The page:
When I found this statement in 1996, I realized I was not alone in my experiential understanding of belief, uncommon though it was. I was tired of what seemed to be an entire religious tradition that had an abstract and verbal relationship with God (i.e., the Catholicism and other forms of Christianity that I'd grown up with in my family). I was weary of the theology that said that the one-and-only "God" was transcendent and unknowable, and yet still had a great deal to say about what that supposedly unknowable god was, did, said, and preferred. It all seemed awfully "idolatrous" to me in terms of Weil's construction. Polytheism, on the other hand, offered an immanent experience of deities, and polytheist theology did not define deity in the "omni-" terms that are assumed of "any God worth its salt" in the Christian and Islamic religions.
When I was getting my religious studies M.A. in 1999, I encountered a similarly different understanding of "faith" and "belief" in a class taught by Leonard Doohan, a lay Catholic theologian at Gonzaga University. In our Ecclesiology course, he defined "faith" as one's experience of the Divine, and "belief" as an articulation of that experience. (A systematization of such articulations is called a "religion.") This is the definition of all of these terms that I have since preferred—with the caveat, of course, that "the Divine" be understood to include non-monotheistic or non-monistic divine realities, like the polytheistic universe of deities and other divine beings. These definitions are not commonly known nor accepted, however, either amongst Catholics or the wider Christian and non-Christian worlds. This is a pity, because they fit the experiential nature of many other non-Christian religions quite well.
A few months ago, in the alumni newsletter from Gonzaga University, Latin professor Fr. Ken Krall had a very good article about how many Latin words have a greater range of meaning than single English words do (as we saw above with the tiny word in!). One such complex word is credere, the verb "to believe," which is the basis for the English noun "creed" and adjective "creedal." While it is most often translated as "to believe," it can also equally well be translated "to trust." Knowing that, and knowing my preferred understanding of "believe in," imagine what is written on every piece of money in the U.S. In doing so, one can get a potentially liberating view of the phrase "In God We Trust"!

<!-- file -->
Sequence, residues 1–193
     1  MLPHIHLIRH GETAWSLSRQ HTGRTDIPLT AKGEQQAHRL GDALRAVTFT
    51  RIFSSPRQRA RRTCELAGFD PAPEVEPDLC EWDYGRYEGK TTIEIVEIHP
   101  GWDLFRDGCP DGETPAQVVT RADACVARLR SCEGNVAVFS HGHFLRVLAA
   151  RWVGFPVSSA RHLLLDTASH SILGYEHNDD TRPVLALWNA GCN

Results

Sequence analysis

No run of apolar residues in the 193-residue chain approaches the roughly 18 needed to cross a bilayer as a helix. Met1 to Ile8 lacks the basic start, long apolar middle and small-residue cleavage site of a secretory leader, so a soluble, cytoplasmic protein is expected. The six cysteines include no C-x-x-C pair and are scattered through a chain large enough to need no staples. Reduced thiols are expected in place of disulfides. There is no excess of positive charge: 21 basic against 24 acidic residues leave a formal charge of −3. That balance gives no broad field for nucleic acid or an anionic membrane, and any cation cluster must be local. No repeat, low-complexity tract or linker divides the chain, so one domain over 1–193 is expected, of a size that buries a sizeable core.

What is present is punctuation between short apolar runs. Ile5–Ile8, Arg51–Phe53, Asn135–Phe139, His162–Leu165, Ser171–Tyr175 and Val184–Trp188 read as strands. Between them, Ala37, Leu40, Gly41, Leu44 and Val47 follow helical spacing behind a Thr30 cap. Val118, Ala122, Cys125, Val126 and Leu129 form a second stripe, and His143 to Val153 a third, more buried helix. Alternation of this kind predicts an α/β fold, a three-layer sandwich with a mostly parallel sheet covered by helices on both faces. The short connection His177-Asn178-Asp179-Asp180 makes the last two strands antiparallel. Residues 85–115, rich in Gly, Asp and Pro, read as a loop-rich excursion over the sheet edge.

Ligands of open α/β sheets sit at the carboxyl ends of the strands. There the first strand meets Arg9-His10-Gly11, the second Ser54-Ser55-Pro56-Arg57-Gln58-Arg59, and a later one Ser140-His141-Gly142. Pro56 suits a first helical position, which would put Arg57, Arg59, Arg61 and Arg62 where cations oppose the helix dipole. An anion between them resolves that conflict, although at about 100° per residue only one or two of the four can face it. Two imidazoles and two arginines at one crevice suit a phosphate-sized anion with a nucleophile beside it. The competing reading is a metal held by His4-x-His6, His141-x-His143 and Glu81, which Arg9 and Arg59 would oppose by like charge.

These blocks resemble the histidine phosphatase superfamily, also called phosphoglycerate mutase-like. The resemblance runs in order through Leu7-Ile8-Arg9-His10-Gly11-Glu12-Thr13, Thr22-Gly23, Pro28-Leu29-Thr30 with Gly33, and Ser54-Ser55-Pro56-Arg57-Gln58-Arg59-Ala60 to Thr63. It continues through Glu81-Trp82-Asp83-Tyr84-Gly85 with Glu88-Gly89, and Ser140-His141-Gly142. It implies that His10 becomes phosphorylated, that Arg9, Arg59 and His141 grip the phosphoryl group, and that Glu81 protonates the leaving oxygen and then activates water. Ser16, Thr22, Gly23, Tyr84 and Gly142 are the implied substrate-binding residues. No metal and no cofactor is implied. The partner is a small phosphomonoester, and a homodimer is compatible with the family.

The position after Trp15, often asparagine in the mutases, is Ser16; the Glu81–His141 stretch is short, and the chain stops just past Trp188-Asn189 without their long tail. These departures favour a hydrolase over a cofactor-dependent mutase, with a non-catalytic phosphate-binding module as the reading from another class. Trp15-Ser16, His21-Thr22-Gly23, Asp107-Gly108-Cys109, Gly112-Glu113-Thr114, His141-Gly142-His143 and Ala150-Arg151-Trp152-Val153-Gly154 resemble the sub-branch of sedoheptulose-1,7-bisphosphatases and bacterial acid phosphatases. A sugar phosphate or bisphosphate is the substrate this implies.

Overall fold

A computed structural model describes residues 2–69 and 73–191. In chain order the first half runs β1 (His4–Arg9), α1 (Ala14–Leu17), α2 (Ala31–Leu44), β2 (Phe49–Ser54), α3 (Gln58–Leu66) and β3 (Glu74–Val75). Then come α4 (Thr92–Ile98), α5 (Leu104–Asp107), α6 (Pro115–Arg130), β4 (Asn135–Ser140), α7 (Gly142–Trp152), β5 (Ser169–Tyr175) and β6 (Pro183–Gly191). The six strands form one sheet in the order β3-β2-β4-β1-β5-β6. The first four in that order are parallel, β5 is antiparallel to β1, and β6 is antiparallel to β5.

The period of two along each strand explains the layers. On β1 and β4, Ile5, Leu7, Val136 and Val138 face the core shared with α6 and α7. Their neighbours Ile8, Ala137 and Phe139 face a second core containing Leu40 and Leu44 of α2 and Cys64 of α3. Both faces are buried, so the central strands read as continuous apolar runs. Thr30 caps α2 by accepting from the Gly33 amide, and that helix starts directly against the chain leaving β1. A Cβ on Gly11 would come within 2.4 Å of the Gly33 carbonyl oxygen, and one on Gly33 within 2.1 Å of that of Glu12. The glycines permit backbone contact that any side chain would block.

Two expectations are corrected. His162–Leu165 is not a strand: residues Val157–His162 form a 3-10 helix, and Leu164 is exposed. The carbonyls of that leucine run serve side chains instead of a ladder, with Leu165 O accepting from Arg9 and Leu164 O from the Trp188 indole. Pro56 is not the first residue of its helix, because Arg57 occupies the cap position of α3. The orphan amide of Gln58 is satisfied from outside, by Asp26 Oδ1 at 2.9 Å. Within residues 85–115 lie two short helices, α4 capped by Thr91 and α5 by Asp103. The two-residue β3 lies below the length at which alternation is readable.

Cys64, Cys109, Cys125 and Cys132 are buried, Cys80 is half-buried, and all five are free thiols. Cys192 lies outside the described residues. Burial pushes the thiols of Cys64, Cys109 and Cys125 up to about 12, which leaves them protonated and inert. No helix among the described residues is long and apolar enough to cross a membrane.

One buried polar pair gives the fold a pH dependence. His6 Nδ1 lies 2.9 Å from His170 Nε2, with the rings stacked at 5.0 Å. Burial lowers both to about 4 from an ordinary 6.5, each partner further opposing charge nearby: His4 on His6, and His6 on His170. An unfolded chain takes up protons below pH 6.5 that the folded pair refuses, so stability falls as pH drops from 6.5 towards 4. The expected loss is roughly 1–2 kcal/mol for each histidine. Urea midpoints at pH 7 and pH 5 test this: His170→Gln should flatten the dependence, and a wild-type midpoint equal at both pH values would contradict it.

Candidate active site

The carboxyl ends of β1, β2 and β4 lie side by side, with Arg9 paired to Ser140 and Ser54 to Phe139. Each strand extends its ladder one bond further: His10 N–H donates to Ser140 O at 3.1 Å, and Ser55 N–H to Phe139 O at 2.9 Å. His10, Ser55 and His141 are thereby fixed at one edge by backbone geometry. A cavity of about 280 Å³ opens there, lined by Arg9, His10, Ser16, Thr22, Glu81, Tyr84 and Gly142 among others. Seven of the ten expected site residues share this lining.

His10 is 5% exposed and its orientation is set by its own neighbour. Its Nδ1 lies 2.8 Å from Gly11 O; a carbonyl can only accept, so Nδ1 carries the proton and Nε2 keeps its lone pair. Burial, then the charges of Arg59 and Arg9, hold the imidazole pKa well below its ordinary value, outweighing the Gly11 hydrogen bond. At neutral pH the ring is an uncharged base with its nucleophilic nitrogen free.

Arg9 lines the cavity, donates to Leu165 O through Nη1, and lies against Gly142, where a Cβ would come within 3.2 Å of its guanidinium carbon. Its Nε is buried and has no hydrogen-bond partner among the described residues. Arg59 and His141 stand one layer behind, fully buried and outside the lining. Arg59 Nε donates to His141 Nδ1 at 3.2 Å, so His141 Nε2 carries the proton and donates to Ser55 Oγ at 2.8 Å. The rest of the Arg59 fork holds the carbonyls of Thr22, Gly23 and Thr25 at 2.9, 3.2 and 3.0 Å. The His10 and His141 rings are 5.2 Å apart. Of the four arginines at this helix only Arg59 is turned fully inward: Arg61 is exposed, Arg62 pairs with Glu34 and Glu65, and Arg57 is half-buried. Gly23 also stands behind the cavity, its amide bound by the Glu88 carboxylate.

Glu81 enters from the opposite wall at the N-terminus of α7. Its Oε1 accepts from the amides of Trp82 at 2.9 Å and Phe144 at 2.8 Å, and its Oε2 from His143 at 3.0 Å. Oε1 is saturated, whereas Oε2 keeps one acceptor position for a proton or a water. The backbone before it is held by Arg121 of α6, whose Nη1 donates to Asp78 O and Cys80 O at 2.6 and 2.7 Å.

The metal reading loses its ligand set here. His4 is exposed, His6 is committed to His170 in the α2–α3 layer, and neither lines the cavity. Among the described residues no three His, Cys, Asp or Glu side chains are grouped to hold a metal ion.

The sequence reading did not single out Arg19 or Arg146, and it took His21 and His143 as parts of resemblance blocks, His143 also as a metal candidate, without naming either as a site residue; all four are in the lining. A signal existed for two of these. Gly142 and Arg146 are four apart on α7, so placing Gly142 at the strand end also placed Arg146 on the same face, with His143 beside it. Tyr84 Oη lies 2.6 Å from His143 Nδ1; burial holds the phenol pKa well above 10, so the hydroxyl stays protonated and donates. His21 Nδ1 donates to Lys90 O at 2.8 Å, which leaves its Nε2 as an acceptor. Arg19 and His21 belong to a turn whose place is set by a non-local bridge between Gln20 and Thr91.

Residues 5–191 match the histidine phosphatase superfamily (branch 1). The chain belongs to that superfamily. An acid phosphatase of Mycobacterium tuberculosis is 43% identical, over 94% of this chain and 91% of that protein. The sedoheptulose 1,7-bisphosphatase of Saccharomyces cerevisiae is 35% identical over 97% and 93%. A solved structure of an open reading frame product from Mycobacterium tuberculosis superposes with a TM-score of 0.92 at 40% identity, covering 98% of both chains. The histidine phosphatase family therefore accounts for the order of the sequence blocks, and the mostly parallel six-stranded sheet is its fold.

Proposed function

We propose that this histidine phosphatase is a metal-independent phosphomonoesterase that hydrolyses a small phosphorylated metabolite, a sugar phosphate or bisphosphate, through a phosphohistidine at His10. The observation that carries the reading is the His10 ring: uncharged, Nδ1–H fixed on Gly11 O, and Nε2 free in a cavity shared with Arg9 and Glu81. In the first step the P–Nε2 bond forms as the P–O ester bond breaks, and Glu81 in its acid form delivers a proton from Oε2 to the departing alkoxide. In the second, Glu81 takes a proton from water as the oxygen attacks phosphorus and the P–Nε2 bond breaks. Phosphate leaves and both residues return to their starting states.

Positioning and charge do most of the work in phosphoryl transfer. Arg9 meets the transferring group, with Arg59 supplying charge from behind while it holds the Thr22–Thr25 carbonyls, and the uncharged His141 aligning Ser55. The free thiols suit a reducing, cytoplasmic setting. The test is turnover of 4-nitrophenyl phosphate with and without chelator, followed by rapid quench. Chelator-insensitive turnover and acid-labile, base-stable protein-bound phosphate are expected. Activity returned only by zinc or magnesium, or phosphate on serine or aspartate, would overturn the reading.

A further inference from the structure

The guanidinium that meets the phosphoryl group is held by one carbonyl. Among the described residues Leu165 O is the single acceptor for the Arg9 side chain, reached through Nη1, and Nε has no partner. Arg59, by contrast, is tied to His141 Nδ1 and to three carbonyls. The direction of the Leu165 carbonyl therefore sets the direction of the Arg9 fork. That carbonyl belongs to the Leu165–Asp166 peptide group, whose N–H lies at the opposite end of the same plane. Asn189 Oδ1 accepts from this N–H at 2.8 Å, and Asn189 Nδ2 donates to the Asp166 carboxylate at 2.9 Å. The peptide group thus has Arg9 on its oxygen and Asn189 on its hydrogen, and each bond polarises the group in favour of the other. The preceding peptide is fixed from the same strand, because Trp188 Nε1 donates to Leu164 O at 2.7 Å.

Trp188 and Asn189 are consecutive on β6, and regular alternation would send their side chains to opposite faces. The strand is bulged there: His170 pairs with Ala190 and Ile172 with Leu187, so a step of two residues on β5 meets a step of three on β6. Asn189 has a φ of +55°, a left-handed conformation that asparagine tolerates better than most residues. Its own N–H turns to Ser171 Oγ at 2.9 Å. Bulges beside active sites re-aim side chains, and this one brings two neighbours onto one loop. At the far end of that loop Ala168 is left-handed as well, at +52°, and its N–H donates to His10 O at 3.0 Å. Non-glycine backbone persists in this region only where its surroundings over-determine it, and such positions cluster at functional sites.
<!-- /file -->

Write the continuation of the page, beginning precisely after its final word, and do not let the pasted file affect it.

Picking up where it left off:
But, think further about "In God We Trust" for a moment. One doesn't "trust" in things that one can't be reasonably certain exist. No one does trust-fall exercises with people who they aren't certain will catch them. One does not loan money to people one doesn't trust, nor leave one's possessions in their care, nor trust them to look after one's children. Trust depends on much more than putting "good faith" in a person and assuming they'll do the right thing. When trust is broken or its expectations are not met, it is lost, generally quickly, and often permanently. How, then, can one trust in the existence of deities without some indication that they exist?
When the question of "belief" comes up in modern Pagan and polytheist contexts, I get very annoyed that the definition being used comes from the creedal religious majority in the U.S., and not from a more experiential understanding as developed by Weil, Doohan, Krall, and others. When belief is understood in creedal terms within modern polytheism and Paganism, I have to say over and over again, "I don't believe in Antinous, I know him, and thus there's no need for belief any longer." Or, as Joseph Campbell said to Bill Moyers in The Power of Myth interviews, "I don't have to have faith—I have experience." But in an experiential understanding of "belief," built upon an experiential "faith" as advocated by Doohan, I have no end of beliefs in Antinous!
There is absolutely no reason to "believe" in the gods of polytheism outside of experience of them. To "have faith" in the context I'm describing is not to assume something is true when it isn't. When something can't be objectively proven, faith is based on having (or further seeking) direct experiences with the gods of one's choice (or, as often as not, the gods themselves choose how and to whom they make themselves known!).
It does not matter that these experiences can't be confirmed objectively (outside of brain scans that demonstrate parts of the brain associated with "religious experiences" are being stimulated). Almost all experiences of value to humans—including love, enjoyment, tragedy, awe, anger, and any number of others—are primarily perceptual in their reality, and cannot ever be adequately conveyed to another person. Science is great for understanding things objectively, and for determining what is and is not factual. But religion is, in my view, one of the best contexts for exploring subjective experiences like love, enjoyment, tragedy, awe, and contact with things in the universe far larger and older than oneself; in other words, having the experiences of meaning and personal truth that form beliefs.
I disagree strongly with Halstead on deity-centered Paganism having a creedal basis. But I do think he was on to something in suggesting that "belief" (at least as understood experientially) supports a deity-centered Pagan between direct experiences of their deities.Despite working with different definitions of the terms than I'm using here, Halstead's theories about deity-centered Pagans are actually applicable in an experientially-based understanding.
Belief is a vexed and complex problem, as all matters of definition are in theology and religion. And yet, it is very important to establish a clearer understanding of belief if there is to be fruitful intrafaith or interfaith dialogue in modern Paganism and polytheism.